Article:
The police department's traffic enforcement units should be in force during these hours because that's when these racers hit the road.

Arsenio Pelayo

Immature drivers deserve punishment

After the shameful number of traffic fatalities due to street racing, it is ridiculous for Governor Cayetano to deem the recent proposals to confiscate cars and implement curfews as too severe.

Driving an automobile is a very serious responsibility. If these little boys and little girls choose to treat driving like a game, society should treat them likewise: take away their toys and send them to bed early.

Emi Chang

A weekend of highway patrol is not enough

It is just not enough to have one weekend of patrolling the highways in pursuit of speeders and racers. The police department should have a highway patrol force like those in other states.

Each day I travel to and from Kailua to downtown and see drivers exceeding the 45 mph speed limit, sometimes up to 65 mph. This is especially dangerous when that speeding car passes other cars on the right lane.

We need to have a more permanent solution to speeding and racing problems by having a permanent police force patrolling the highways.

Lloyd P. Ignacio

Get tough on racers to protect family

In response to the idea of confiscating cars from racers: I know for a fact that Oregon and many other states confiscate cars from men (or women) who solicit sex from prostitutes on the street. Many other states confiscate cars from drug deals.

And these are non-threatening-to-life situations. What we have here is for sure a life-threatening situation. If we can do it for sex and drugs, why can't we do it for homicide? And why let them go? Why be nice? Attempted murder is just that -- not a teenage fancy, not an adolescent blow-off, but murder. Prosecute 'em, sentence 'em, take their cars and throw 'em in jail if that is the only way to stop the murder of innocent people.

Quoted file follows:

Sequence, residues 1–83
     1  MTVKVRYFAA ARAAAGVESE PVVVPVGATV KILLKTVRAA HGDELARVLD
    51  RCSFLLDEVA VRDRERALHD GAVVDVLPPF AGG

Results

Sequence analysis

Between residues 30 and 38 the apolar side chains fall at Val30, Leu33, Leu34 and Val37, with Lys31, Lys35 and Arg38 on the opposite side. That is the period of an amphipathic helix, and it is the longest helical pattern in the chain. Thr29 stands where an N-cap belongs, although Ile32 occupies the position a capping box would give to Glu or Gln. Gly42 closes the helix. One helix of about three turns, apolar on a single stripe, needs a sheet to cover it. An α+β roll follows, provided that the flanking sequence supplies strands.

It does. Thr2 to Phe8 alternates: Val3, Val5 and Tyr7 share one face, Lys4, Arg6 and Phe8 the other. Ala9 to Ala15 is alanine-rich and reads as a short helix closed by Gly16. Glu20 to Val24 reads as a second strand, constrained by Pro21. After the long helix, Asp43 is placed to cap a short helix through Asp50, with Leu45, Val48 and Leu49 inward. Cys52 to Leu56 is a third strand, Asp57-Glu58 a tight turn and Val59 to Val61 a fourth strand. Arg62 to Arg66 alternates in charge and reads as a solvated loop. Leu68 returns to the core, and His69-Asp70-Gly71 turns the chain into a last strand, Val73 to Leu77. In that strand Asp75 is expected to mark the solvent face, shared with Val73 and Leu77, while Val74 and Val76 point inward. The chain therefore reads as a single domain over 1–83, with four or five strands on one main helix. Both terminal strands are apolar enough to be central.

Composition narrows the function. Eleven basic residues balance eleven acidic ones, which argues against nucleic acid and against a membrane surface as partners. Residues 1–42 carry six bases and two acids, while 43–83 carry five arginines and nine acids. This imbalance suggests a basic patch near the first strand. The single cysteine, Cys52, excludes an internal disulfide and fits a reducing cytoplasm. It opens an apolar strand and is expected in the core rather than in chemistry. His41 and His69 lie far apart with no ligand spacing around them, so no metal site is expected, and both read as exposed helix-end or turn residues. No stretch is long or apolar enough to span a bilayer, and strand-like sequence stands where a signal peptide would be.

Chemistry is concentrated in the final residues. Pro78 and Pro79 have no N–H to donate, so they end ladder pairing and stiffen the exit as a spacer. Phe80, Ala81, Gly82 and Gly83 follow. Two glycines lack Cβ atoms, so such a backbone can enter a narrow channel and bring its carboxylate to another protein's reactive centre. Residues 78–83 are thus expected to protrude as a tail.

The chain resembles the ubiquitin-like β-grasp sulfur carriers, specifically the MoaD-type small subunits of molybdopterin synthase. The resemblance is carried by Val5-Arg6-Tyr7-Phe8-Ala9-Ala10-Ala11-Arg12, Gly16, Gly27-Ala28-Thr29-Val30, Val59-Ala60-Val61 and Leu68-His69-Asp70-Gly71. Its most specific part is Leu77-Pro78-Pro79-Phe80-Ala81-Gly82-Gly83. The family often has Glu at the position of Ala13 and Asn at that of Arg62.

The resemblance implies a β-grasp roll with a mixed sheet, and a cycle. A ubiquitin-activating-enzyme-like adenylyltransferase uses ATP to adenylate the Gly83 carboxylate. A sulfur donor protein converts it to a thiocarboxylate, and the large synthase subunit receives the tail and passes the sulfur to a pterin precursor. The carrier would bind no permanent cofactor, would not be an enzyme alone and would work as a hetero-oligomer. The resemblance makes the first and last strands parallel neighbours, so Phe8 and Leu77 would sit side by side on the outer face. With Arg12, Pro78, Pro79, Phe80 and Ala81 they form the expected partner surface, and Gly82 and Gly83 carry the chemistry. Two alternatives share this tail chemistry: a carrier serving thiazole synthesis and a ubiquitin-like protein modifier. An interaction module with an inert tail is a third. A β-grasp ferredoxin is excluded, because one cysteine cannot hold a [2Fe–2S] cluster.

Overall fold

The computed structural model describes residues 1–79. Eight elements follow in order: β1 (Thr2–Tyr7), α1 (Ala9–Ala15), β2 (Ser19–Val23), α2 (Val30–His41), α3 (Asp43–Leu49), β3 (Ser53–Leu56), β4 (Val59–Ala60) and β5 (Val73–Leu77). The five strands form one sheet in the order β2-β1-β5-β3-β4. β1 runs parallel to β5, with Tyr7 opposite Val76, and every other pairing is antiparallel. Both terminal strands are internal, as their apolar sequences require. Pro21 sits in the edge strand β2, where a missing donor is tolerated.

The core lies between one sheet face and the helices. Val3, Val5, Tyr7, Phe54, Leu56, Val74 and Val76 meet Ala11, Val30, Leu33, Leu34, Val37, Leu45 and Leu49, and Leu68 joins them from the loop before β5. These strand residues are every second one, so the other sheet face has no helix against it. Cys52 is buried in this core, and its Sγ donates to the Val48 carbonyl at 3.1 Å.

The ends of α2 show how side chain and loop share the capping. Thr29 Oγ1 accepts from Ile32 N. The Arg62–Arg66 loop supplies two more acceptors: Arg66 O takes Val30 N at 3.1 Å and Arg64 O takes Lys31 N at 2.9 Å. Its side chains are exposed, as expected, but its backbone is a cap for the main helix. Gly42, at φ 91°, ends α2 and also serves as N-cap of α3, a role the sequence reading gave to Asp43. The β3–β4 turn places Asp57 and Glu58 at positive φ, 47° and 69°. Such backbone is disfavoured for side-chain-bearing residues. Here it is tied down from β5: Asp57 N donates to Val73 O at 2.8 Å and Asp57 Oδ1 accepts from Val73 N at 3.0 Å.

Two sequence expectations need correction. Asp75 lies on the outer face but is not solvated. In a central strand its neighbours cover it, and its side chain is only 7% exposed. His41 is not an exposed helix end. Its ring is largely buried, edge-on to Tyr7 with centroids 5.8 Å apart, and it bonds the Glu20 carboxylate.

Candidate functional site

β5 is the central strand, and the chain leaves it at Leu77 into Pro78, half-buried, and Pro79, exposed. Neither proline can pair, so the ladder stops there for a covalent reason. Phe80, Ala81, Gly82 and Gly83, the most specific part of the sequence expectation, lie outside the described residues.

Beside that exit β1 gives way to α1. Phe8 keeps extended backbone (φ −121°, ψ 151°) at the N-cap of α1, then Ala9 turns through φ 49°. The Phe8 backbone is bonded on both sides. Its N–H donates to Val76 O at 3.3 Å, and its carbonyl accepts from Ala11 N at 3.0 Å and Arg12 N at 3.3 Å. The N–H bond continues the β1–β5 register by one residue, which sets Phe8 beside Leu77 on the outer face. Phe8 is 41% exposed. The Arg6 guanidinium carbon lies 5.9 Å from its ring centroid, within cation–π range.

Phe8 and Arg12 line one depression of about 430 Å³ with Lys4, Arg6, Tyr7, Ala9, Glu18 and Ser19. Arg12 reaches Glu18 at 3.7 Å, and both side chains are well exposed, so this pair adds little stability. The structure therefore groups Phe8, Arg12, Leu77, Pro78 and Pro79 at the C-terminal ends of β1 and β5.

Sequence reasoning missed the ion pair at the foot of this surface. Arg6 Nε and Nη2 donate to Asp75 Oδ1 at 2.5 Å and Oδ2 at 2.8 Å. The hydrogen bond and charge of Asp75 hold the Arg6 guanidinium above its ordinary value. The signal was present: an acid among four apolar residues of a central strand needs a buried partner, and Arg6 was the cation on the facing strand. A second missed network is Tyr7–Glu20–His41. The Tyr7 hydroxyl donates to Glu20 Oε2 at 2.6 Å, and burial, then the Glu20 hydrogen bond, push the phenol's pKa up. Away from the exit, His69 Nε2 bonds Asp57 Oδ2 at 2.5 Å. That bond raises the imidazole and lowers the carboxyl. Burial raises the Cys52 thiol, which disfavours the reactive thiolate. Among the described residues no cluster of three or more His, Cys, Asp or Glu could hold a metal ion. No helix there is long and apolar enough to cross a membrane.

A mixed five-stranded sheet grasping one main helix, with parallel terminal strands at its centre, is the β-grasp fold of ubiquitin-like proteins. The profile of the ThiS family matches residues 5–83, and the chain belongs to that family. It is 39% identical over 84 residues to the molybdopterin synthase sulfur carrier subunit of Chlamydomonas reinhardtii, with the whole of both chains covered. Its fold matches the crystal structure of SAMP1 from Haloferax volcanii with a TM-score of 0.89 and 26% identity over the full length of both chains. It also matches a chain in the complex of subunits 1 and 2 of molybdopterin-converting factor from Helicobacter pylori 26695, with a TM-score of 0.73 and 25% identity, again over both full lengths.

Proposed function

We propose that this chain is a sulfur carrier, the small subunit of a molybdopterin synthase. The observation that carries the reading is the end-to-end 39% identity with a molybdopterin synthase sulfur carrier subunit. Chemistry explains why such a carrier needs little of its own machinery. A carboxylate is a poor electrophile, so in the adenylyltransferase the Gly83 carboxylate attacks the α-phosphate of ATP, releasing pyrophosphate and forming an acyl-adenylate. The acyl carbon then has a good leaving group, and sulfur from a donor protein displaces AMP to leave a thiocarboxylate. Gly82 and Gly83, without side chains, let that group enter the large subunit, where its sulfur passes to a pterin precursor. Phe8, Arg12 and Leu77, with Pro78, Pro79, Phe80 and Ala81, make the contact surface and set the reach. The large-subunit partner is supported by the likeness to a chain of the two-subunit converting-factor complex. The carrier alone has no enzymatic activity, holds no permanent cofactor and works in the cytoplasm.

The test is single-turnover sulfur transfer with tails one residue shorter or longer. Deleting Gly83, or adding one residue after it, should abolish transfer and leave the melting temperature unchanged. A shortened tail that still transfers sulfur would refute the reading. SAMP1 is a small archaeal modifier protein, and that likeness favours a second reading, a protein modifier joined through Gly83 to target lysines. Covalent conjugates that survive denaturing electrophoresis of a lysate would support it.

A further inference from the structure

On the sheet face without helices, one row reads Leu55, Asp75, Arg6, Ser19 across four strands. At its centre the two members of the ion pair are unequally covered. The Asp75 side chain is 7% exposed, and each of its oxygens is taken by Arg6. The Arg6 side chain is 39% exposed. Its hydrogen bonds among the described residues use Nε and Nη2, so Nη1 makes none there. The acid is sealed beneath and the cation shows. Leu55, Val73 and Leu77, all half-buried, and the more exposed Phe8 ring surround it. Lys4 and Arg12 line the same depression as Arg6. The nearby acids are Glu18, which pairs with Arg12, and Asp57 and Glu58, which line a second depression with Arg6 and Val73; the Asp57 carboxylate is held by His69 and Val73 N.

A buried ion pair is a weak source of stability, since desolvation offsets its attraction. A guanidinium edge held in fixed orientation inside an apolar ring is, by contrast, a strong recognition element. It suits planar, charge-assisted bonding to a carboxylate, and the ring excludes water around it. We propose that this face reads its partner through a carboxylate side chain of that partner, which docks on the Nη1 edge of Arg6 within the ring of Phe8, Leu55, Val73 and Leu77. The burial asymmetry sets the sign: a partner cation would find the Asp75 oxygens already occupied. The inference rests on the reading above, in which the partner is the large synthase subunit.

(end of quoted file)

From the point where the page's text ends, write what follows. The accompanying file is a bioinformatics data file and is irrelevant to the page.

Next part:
When I was a kid in Honolulu we raced on empty streets in industrial areas or at Campbell Raceway. The current crop of motor-heads just doesn't get it: Stay off our public right-of-ways. There are mothers, children and families out there. It could be your aunties, cousins or friends whom you kill; and if not yours, then mine.

The police are our unsung heroes. Give them a hand and report racers on public highways. Use your cell phone. And for you kids out there: Life is long, and the consequences of your actions will persist long after you think you are free of adult supervision.

Mike Maddux

Street racers don't care about others

As I listen to news broadcasts and read articles about the tragic accident on the H-1, I can only think about the numerous times I have seen cars and trucks racing past me and my children as I drive along. I always look in my rear view mirror as I drive to see if there are any "speed racers" coming. I always pray that I and the numerous other innocent drivers will not get in their way.